News Detail

Bouziane Outiti receives the Energy Globe Award 2015. Photo: Raoul Schaffner

Bouziane Outiti wins Energy Globe Award for wastewater treatment project

June 2, 2016,

On 1 June, Bouziane Outiti of Eawag received an Energy Globe Award for his wastewater treatment project in Morocco. The Energy Globe Awards, presented annually, honour innovative environmental sustainability projects around the world.

Bouziane Outiti, the Energy Globe Award winner, has worked at Eawag for 28 years – not as a researcher, but as an IT professional. Eight years ago, Moroccan-born Outiti founded AMSED, the “Association Maroco-Suisse pour l’Environnement et le Développement”. The association aims to support Morocco’s nationwide efforts to address the country’s water-resource issues.

You’re an IT specialist, but you launched a wastewater treatment project – how did that come about?

As I grew up in Morocco, I’m very familiar with the sanitation issues, especially in rural areas. The country’s water and wastewater problems are so serious that they cannot be resolved by the efforts of the Moroccan government and civil society alone. In the light of my experience at Eawag, I set up AMSED in 2008. This association provides a platform enabling international experts to support water supply and wastewater treatment projects in Morocco. The wastewater treatment project in Asselda arose more by chance – it was initiated by a student who encountered the village’s wastewater issues in the course of her Master’s thesis.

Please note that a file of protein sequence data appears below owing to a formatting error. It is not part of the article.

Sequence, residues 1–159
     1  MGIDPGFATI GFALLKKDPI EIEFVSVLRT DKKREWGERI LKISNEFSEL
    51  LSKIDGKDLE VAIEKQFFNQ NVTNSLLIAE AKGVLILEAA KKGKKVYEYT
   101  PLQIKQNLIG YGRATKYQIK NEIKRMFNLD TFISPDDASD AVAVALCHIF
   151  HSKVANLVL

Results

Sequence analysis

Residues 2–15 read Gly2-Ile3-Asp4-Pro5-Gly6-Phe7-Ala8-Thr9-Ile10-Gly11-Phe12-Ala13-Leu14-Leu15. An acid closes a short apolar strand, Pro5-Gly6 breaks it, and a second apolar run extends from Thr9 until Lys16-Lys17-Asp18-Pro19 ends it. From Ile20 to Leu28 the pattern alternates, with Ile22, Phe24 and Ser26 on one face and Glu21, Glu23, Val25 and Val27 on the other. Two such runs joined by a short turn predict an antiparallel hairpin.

Can you describe the background to the project, the villagers’ wastewater problems?

The two villages Asselda One and Asselda Two (their actual names!) lie 50 kilometres to the south of Marrakech and are part of the community of Asni, in the foothills of the High Atlas Mountains. The population of around 1200 originally had only a rudimentary drainage system: wastewater flowed directly into the agricultural zone (fruit plantations) and the nearby river. You can imagine the impact that had on people’s health. But for our project, this also offered an opportunity to develop the best possible wastewater treatment system for this environment. Thanks to the generous funding provided by the Drosos Foundation in Zurich and extensive administrative support from Eawag, we were able to realize the project with our Moroccan partners.

Asselda One and Asselda Two originally had only a rudimentary drainage system. Photo: Palvamar
Asselda One and Asselda Two originally had only a rudimentary drainage system. Photo: Palvamar

What exactly did this work involve?

It was originally planned as a three-year project, but it actually took six years. Our local project team consisted of a young Moroccan engineer and her administrative assistant, collaborating with the provincial government, the communal authority, a Moroccan construction firm and the village association (a widely established institution in Morocco). In Switzerland, it might not seem unusual for a project of this kind to be managed by two women – but that’s not the case in a male-dominated Berber environment such as Asselda. In villages like these – often subject to ethnic or local political conflicts – communication problems will always arise. So it’s extremely important that a project involving foreign experts should treat the local community with respect. Here, because of my Berber background, I often – no, very often (laughs) – acted as an intermediary.